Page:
Monday, 30 September 2013

The Cats - Magical Mystery Morning (Youtube)

Here's the video for the irresistibly melodic, "Magical Mystery Morning" by one of Holland's finest musical exports, The Cats. I'm working on a full write up about these in the near future. This one has got Fading Yellow written all over it and can be heard on my most recent Bite It Deep Mix Volume 16.

Tuesday, 24 September 2013

Bite It Deep Volume 16

Treat your ear holes to this...

The Flames - Streamliner
Colours - You're High
The Cats - Magical Mystery Morning
Picadilly Line - Rosemary's Bluebell Day
Aubrey Small - Trying To Find My Way
Cyan - Toby's Shop
The Tages - Just Like A Woman
Paul Williams - Born To Fly
Apple Core - Behind The Tear
The Association - A Funny Kind Of Songl
Matthew Fisher - Suzanne
Stackridge - Dangerous Bacon
Hollins Ferry - Too Bad About Sorrows
Rick Springfield - You Can Do It (if You Try)
Phil Cordell - If I Don't Get All The Luck

Thursday, 19 September 2013

Bitter Almond - Silver (1970)

I bought this record about a year ago, probably mistaking it for the Almond Marzipan single after hours of flicking through piles of 45's. "In The Morning" b/w "Silver" is a great pop double sider and turns up very often, making me suspect it was a minor hit. Cheap too! Someone has made the effort to make a video on Youtube adding the a-side over black and white footage of a band that doesn't look like the Bitter Almond that appear on the German single's picture sleeve.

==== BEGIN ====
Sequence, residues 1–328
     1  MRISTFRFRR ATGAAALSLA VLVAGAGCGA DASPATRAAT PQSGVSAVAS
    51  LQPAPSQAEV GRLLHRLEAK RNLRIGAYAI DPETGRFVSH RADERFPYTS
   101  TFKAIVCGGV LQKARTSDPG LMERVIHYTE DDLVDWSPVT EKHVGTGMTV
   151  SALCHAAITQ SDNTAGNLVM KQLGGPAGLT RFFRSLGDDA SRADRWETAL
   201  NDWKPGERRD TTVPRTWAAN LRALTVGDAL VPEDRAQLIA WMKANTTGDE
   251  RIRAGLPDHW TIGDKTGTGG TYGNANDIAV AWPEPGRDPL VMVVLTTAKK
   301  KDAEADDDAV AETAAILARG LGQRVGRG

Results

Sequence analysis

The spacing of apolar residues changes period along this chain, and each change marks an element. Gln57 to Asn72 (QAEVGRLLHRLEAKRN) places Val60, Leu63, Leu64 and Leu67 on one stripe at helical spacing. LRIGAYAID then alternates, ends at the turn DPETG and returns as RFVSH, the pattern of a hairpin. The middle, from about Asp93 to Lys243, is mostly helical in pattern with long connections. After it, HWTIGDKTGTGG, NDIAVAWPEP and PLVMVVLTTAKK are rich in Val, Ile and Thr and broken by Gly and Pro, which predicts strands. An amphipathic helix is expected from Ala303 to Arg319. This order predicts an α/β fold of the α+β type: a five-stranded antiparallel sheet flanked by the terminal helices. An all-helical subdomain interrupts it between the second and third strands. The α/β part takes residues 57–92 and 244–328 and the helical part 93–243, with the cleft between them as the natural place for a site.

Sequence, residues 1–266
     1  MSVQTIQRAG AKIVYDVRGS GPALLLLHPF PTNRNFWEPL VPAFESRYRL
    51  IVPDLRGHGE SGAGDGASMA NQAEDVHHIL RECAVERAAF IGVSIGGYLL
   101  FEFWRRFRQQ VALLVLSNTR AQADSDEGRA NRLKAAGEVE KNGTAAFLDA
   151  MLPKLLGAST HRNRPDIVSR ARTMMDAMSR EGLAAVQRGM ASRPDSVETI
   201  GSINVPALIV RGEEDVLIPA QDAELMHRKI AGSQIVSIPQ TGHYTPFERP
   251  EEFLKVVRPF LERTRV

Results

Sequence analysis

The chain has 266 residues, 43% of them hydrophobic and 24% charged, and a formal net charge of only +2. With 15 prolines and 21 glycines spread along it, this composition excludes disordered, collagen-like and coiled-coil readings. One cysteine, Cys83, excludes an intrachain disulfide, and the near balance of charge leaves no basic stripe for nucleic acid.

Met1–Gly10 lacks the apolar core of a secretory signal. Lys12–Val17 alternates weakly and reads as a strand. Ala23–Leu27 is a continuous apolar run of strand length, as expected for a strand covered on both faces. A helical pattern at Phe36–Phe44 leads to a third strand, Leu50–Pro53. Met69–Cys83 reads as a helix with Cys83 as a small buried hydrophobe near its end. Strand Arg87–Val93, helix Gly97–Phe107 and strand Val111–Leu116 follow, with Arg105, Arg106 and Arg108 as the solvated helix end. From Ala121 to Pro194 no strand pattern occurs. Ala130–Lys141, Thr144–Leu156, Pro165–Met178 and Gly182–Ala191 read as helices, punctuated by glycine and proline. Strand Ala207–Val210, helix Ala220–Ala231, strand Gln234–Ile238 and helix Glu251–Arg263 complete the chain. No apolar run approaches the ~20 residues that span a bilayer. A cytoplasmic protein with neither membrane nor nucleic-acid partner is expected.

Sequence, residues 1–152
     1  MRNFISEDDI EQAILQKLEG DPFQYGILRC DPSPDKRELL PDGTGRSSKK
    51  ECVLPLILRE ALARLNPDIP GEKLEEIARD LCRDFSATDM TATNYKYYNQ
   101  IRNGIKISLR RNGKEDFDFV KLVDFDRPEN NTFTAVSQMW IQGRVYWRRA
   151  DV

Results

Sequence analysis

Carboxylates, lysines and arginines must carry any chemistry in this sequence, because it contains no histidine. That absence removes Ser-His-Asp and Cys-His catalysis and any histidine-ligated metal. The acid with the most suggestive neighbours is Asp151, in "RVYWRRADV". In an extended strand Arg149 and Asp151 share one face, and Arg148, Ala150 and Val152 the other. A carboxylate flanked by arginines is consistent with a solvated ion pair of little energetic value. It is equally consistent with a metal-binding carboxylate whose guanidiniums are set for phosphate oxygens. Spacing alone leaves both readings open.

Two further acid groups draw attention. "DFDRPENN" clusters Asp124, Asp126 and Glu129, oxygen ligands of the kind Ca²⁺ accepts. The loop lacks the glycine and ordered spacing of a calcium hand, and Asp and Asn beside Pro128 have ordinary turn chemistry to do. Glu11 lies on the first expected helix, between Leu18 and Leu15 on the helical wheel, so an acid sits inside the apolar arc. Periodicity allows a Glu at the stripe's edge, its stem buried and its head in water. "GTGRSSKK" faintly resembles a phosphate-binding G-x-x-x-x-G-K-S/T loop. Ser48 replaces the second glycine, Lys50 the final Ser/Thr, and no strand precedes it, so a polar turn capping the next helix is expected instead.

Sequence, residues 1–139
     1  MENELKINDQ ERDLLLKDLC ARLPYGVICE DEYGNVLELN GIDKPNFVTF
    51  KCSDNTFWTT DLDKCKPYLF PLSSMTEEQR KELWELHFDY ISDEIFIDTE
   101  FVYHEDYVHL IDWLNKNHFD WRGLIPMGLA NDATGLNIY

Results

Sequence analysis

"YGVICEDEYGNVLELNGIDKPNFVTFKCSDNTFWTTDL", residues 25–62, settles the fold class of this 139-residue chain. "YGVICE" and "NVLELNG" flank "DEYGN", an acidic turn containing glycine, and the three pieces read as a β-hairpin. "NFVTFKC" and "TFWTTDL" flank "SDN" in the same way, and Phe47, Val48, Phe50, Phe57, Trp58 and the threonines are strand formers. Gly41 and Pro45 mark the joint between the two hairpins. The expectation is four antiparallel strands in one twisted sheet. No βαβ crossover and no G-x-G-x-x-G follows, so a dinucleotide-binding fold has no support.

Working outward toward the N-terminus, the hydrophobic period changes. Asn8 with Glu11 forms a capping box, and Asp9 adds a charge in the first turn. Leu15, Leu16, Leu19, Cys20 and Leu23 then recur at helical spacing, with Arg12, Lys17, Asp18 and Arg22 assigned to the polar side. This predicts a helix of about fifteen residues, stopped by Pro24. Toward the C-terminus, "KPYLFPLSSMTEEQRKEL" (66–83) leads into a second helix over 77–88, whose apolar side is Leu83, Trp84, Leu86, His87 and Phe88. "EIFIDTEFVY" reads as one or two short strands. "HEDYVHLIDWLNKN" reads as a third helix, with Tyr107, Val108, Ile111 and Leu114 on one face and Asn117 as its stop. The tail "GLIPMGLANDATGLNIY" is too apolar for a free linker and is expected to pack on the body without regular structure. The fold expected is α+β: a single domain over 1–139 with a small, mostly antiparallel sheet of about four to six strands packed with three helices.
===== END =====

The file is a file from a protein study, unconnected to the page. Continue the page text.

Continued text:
I've spent the last few days trying to find some info on Bitter Almond and got absolutely nowhere. Usually Google gives a few clues, but this time absolutely zilch! There was another single by a band called Bitter Almond, "Loving Each Other" b/w "We Need Someone". I've heard the latter song on Lost Jukebox Vol.178 and while it's an ace song, I'm not sure it is the same band. The German label states that it is a USA production but it sounds pure British to my ears. The songwriting is credited to A. Blake and B. Kretzchmar, whether they were member of the band is anyone's guess. Both sides were arranged by Tony Cox, who appears to be a bit of a freelance arranger, working with Barry Ryan, Toast, Jonathan King, Mick Softley and Yes for various record labels. The producer is down as Alfalfa, whose name has turned up just once, as a producer for a Phil Pickett single from 1971.

Bitter Almond (1970) Recognise any of these guys?

And that's about it! No real info this time but if anyone knows anything about Bitter Almond, who they were, what they did before/after please get in touch and update this post.

Here's what the enigmatic bunch sounded like...

Sunday, 15 September 2013

Hurricane Smith - Don't Let It Die (1972)

Norman 'Hurricane' Smith was a bit of a late bloomer in the pop music business and was the ripe old age of 49 years old when his debut album "Don't Let It Die" came out in 1972 on EMI/Columbia records. He had, however, been behind the scenes for many years previously. Having lied about his age and being granted an apprenticeship by EMI, he worked his way up the ranks, from tea boy to engineer to producer, working on some big, BIG recordings in the process, including the first six Beatles albums,  the first four by Pink Floyd and the Pretty Things' "S.F. Sorrow". Smith also worked with Barclay James Harvest, The Swinging Blue Jeans, Gerry & the Pacemakers, Kevin Ayers, Billy J. Kramer & The Dakotas and Manfred Mann.